The role that art occupied in Greece of provoking a discussion about social matters is similar to its role today. Star Wars: Episode III Revenge of the Sith from 2005 raises questions about the justification for war in a foreign land just at the Persians did in 472 BCE. The stories that we use to understand ourselves, the way they are written and organized, have just as much to say about the state of politics today, as does their content. Plato alleges in the Republic that he has learned from the musicologist Damon that music cannot change without there being accompanying changes in the laws of the polis; that a change in music has an effect on the laws of Athens “…any musical innovation is full of danger to the whole State, and ought to be prohibited. So Damon tells me, and I can quite believe him; - he says that when modes of music change, the fundamental laws of the State always change with them.”(23)

For many critics of modernity, such as the Frankfurt school, the “culture industry” has played a significant role in the “manufacture of consent” in representative democracy. Within the “culture industry” film has played a key role. Yet film, in overtaking theatre as the popular artistic medium that addresses itself to a mass audience encounters the possibility of becoming a space for debate. For Benjamin the medium of film itself, challenges the aura of the work of art of the painter, that of creating a world in which the viewer as an individual can become absorbed in fantasy. The nature of watching a film is to be alienated by the distance it creates to the image due to the way it cuts and fragments and can be endlessly re-combined. (24) The total vision is impossible.

This inability to grasp film as a whole is both the experience of the viewer and the creator alike. A film always leaves room for improvements. To use a contemporary example, Star Wars was re-edited and re-released by George Lucas, unsatisfied with the original. As a spontaneous by-product of this state of not being complete, many other people have supplemented Star Wars with the “Expanded Universe”, adding characters and plot lines in an endless unfolding trajectory. The “Expanded Universe” can be seen as the spontaneous assertion of the “voice of the people” to supplement the film.

Artistic innovations then, have political consequences; it matters whether a play contains a chorus or not. This is the case because according to Jacques Rancière “political statements and literary locutions produce effects in reality. They define models of speech or action but also regimes of sensible intensity. They draft maps of the visible, trajectories between the visible and the sayable, relationships between modes of being, modes of saying, and modes of doing and making. […] They thereby take hold of unspecified groups of people, they widen gaps, open up space for deviations, modify the speeds, the trajectories and the ways in which groups of people adhere to a condition, react to situations, recognize their images.” (25)

For Rancière the task is to re-activate the politics of democracy as an inherently disruptive regime. For Rancière, “politics exists when the natural order of domination is interrupted by the institution of a part of those who have no part.”(26) Rancière’s concept “the part of no-part” is a disruption of or a supplement to the “the distribution of the sensible,” or the system of divisions and boundaries that define what is visible and audible within a particular aesthetic-political regime. The “part of no part” is crucial for Rancière because “it is simply the dissolving of any standard by which nature could give its law to communitarian artifice via the relations of authority that structure the social body.”(27) This is what makes Democracy political, instead of being another justification for the power of the rulers over the ruled. Democracy is “a supplementary, or grounding, power that at once legitimizes and de-legitimizes every set of institutions or the power of any set of people.”(28) These views are echoed by Jean-Luc Nancy for whom the Nietzschean “spirit of democracy is nothing less than this: the breath of man, not the man of a humanism measured against the height of man as he is given…but man who infinitely transcends man.”(29)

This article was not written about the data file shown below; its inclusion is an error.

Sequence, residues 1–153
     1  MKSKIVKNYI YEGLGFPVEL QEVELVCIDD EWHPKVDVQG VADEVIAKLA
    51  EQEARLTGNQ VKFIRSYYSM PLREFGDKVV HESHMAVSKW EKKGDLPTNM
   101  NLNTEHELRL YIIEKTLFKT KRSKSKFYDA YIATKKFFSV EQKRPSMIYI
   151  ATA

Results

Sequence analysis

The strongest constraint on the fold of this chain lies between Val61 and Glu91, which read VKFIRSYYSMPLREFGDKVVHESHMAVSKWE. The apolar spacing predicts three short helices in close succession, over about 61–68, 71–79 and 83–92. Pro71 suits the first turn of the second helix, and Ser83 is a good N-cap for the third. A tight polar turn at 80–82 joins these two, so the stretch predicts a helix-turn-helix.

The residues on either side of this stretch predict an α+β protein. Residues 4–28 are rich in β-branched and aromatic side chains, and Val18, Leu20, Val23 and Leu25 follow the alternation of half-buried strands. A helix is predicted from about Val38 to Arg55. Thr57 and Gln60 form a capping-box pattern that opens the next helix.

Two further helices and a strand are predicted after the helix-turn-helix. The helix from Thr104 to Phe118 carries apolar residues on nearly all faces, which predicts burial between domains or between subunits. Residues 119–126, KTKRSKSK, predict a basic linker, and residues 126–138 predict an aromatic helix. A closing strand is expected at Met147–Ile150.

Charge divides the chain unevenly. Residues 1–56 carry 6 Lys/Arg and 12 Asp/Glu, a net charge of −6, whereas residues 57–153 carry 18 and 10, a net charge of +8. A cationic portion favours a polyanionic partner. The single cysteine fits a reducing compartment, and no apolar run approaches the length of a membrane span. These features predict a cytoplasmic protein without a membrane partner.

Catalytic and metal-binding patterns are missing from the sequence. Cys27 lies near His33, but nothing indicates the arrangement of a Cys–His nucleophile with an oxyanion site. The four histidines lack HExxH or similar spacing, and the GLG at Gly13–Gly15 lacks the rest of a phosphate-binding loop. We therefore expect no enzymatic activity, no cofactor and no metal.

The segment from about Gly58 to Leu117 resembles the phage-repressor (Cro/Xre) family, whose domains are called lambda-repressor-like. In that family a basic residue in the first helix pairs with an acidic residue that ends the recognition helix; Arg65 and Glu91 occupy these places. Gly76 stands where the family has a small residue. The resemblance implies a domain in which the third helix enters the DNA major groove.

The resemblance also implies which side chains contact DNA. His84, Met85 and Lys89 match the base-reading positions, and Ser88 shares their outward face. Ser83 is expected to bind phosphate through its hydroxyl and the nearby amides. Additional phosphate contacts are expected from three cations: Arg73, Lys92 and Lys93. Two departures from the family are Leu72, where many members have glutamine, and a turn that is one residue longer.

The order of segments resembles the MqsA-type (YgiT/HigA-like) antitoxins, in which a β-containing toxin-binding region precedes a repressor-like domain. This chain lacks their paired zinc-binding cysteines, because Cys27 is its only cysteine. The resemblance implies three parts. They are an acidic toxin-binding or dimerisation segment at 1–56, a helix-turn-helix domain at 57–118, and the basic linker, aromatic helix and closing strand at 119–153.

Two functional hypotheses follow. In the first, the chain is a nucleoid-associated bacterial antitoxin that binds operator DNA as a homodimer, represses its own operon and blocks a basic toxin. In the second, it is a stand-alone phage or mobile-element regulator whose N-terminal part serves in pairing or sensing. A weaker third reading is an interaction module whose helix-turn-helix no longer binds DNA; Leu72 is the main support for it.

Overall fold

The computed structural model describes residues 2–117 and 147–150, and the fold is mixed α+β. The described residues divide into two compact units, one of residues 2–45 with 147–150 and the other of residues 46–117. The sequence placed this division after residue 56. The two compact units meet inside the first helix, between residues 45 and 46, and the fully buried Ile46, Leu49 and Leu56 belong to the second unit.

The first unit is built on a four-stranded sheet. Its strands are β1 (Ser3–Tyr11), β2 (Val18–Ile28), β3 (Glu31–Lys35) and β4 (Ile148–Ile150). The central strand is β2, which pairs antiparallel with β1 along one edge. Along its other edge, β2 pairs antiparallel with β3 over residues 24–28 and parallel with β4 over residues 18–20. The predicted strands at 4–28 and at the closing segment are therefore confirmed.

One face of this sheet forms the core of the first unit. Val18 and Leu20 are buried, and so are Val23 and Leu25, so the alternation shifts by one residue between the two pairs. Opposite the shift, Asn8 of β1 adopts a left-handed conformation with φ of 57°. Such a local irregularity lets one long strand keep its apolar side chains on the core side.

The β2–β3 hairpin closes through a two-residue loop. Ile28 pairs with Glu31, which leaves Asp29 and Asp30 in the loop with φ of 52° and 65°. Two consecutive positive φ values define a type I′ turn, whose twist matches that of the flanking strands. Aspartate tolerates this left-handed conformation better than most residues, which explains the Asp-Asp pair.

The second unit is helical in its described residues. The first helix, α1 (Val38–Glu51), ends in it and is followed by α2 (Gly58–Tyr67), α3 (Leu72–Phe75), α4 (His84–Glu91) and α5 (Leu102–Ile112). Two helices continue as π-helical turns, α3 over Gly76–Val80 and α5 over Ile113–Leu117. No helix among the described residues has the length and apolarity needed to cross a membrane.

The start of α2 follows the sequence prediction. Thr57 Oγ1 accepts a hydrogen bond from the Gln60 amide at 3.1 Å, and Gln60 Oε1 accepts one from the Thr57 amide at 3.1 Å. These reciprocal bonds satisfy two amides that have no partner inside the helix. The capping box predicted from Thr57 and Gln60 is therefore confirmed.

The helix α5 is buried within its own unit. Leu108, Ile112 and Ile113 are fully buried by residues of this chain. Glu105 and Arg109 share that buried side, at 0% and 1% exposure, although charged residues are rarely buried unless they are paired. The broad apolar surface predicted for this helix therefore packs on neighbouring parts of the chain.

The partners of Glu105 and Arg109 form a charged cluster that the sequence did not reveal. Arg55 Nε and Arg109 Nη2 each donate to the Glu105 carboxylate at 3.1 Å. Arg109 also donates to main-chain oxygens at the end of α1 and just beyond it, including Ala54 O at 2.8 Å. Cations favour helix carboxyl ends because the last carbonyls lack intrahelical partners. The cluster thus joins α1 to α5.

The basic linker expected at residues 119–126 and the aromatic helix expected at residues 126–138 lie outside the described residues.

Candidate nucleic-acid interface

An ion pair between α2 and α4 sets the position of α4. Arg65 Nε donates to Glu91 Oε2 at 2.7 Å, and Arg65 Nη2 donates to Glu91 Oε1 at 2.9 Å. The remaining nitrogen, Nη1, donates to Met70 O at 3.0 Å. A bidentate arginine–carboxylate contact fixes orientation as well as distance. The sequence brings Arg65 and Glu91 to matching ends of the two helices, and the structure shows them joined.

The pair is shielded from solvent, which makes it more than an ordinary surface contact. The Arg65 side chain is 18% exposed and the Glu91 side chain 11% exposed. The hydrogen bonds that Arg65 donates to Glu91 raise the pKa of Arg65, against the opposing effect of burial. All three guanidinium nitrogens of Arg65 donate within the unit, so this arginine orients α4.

The symbolic efficacy of disruption, as seen in the character of the chorus, is crucial today since it creates a space constructive debate to emerge. For if we can dream of a new configuration of an artistic form, then we can make room for a new social configuration. To re-invigorate our democracy perhaps it’s time to acknowledge this disruptive “part of no part” today; to bring back the chorus then would be an assertion of politics.

1. H. Golder and S. Scully, “The Chorus in Greek Tragedy and Culture, One.”, Arion 3, no. I. Special Issue. 1995 2. David Wiles, Greek Theatre Performance: An Introduction, Cambridge: Cambridge University Press, 2000. p. 13 3. Raymond Geuss, “Introduction,” The Birth of Tragedy by Friedrich Nietzsche, Cambridge: Cambridge University Press, 2011, p. xx. 4. Friedrich Nietzsche, The Birth of Tragedy, p. 44 5. Ibid. p. 70 6. Aristotle, Poetics, translated by Anthony Kenny, Oxford University Press, 2013, p. 24 7. Ibid. 186-187. 8. Ibid. 188. 9. Anthony Stevens, “How to Write a Greek Tragedy,” 2011, online, 10. Albert Weiner, “The Function of the Tragic Greek Chorus,” Theatre Journal. Vol. 32 N. 2, May 1980, p. 211. 11. Aristotle, Poetics, p. 31 12. Sigmund Freud, “Psychopathic Characters on the Stage,” Standard Edition, translated by James Strachey, reproduced in Sigmund Freud: Vol. 14 Art and Literature, London: Penquin, 1990, p. 121-122. 13. Ibid. 14. Sigmund Freud, Totem and Taboo, Standard Edition xiii, translated by James Strachey, p. 156. 15. Fiona MacIntosh, “Tragedy in performance: nineteenth- and twentieth-century productions” in The Cambridge Companion to Greek Tragedy edited by P.E. Easterling, Cambridge: Cambridge University Press, 1997, p. 289 16. Margaret Clark, “Suppose Freud had chosen Orestes instead,” Journal of Analytical Psychology, No. 54, 2009, p. 243. 17. Ian C. Storey and Arlene Allan, A Guide to Ancient Greek Drama, Oxford: Blackwell Publishing, 2005, P. 249. 18. Weiner, p. 213. 19. Plato, Republic, book VIII, quoted in Jacques Rancière, Hatred of Democracy, London: Verso, 2006, p.38 20. Jacques Rancière, Hatred of Democracy, London: Verso, 2009. p. 4 21. Slavoj Žižek, “Berlusconi in Tehran” London Review of Books, Vol. 31 No. 14 23 July 2009 22. Walter Benjamin, “What is Epic Theatre?” in Understanding Brecht, translated by Anna Bostock. London: Verso, 1998. p. 22 23. Graham Ley, The Theatricality of Greek Tragedy: Playing Space and Chorus, Chicago: University of Chicago Press, 2007, p. 148 – 149 24. Walter Benjamin, “The Work of Art in the Age of Mechanical Reproduction,” Illuminations, New York: Random House, 2007. P. 239 25. Jacques Rancière, Politics of Aesthetics, London: Continuum, 2006, p. 39. 26. Jacques Rancière, The Disagreement: Politics and Philosophy, Minneapolis: The University of Minnesota Press, 1999, p. 11 27. Ranciere, Hatred of Democracy, p. 41 28. Jacques Rancière, Dissensus: on Politics and Aesthetics, London: Continuum, 2010, p. 52 29. Jean-Luc Nancy, The Truth of Democracy, New York: Fordham University Press, 2008, p. 15